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Braconid and chalcid parasitic wasps

Hymenoptera: Braconidae, Chalcididae

Brown or black, these wasp species are small and difficult to differentiate from one another, except that chalcids have greatly enlarged hind femora (third leg segment). They have two pairs of membranous wings, segmented antennae, and a very distinct head, thorax and abdomen. Females often have a needle-like ovipositor at the tip of their abdomen. They are harmless to humans.

Note: These wasps are extremely sensitive to most broad-spectrum insecticides.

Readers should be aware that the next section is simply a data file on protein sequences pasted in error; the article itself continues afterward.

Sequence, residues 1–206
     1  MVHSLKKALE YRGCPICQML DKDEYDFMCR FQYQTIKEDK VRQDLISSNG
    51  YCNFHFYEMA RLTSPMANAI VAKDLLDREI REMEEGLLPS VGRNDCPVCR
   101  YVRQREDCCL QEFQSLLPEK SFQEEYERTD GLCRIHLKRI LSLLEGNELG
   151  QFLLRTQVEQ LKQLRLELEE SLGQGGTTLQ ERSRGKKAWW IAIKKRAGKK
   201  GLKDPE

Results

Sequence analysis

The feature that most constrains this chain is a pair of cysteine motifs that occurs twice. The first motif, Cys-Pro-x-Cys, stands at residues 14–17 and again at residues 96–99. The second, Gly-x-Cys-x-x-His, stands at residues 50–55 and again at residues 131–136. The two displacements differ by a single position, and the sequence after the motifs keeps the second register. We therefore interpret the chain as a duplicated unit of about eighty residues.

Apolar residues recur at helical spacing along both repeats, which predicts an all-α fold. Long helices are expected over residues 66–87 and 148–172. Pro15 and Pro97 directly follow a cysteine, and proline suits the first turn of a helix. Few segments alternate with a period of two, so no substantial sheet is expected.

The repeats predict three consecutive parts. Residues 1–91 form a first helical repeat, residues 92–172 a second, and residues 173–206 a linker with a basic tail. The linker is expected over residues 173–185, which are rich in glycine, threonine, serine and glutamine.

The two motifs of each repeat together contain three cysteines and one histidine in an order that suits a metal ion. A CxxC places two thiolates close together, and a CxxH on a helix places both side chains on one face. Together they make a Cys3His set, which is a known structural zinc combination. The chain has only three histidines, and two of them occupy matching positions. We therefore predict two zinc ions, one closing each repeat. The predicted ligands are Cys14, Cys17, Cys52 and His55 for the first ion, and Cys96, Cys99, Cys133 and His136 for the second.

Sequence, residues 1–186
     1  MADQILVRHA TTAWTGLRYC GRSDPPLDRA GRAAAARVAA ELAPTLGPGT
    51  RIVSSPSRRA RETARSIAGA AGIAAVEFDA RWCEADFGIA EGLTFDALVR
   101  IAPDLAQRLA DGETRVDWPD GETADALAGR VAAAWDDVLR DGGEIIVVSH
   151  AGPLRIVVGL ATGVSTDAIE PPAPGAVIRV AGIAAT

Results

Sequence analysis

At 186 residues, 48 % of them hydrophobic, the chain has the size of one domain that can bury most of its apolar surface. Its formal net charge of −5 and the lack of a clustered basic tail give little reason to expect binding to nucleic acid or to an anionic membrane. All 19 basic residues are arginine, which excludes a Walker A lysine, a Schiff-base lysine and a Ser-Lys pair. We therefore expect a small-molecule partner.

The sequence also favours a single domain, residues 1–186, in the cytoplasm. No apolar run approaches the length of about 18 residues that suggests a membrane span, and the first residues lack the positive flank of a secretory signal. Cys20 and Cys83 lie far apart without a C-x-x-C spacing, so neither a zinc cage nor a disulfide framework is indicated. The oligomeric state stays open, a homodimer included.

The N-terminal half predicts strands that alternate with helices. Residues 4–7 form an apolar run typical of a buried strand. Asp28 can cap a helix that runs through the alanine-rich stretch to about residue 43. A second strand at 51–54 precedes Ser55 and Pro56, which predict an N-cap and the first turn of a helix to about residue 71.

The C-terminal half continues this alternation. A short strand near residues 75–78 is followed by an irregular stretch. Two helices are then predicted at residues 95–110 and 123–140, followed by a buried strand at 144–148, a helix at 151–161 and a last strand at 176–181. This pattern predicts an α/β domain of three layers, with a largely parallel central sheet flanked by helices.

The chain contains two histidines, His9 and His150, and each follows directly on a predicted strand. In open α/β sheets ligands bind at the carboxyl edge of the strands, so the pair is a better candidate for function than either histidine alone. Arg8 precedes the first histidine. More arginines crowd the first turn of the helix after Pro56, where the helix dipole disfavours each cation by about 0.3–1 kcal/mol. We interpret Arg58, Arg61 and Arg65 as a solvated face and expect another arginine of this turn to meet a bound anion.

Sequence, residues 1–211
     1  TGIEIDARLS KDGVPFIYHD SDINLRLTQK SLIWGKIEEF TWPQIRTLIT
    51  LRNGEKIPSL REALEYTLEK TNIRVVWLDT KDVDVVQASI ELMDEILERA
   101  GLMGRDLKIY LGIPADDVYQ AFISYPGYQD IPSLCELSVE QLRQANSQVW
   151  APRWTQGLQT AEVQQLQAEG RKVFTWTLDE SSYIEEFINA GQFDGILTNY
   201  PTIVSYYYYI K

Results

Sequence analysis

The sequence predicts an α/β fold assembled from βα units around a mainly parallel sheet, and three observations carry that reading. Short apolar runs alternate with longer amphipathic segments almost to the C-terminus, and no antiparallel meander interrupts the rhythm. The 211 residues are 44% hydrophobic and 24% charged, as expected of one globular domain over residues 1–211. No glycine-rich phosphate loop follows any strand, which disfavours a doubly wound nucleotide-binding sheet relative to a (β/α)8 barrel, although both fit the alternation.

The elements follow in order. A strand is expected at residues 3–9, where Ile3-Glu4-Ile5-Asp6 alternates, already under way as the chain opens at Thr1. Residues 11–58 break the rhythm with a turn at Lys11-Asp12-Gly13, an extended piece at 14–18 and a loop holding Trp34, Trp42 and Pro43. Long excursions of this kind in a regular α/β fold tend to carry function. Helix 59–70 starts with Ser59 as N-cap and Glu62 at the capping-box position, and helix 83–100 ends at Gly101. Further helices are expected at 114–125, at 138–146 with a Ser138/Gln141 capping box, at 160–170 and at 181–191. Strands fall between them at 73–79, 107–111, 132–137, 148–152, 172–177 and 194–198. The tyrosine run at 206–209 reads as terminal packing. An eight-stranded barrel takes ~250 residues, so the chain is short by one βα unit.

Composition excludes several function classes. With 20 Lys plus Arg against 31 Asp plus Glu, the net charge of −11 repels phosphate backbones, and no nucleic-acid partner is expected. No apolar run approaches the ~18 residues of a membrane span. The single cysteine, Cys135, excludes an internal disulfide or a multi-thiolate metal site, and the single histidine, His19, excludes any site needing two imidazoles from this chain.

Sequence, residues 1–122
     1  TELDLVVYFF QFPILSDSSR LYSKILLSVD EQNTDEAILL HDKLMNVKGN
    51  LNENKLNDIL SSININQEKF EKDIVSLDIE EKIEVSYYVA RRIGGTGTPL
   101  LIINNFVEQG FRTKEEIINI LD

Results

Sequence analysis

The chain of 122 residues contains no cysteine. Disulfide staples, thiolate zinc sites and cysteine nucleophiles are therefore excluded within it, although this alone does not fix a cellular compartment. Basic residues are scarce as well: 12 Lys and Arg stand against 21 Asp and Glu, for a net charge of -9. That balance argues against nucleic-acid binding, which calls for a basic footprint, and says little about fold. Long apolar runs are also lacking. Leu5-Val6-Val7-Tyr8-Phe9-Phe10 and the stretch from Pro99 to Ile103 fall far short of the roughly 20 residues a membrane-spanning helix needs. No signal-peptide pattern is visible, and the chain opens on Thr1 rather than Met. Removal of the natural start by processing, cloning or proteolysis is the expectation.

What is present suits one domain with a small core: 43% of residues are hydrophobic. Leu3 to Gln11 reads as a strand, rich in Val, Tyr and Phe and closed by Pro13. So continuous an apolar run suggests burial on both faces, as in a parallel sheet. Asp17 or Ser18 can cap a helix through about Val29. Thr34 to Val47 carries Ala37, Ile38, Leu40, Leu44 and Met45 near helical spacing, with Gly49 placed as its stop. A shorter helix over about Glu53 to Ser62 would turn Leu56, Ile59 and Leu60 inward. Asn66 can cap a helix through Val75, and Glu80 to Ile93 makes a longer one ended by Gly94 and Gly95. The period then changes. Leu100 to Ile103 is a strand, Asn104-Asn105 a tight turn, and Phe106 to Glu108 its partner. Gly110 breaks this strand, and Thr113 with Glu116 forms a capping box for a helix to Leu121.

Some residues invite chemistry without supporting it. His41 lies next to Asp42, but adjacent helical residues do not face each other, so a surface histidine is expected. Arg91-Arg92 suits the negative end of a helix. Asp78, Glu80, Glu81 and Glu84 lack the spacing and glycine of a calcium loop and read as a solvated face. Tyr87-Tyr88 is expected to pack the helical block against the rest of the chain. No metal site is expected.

These parasitic wasps attack many harmful insects such as the apple aphid and woolly apple aphid, larvae of the spotted tentiform leafminer, obliquebanded leafroller and eggs of the codling moth. Females lay eggs in the body of the host and larvae feed on the inside.

Note: The braconid Pholetesor ornigis (Weed) attacks the spotted tentiform leafminer (A). Macrocentrus linearis (Nees) (B) is a parasitoid of the obliquebanded leafroller. Aphids (C) can be the victims of many wasps such as Peristenus digoneutis. (D).

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The MSU IPM Program maintains this site as an access point to pest management information at MSU. The IPM Program is administered within the Department of Entomology, fueled by research from the AgBioResearch, delivered to citizens through MSU Extension, and proud to be a part of Project GREEEN.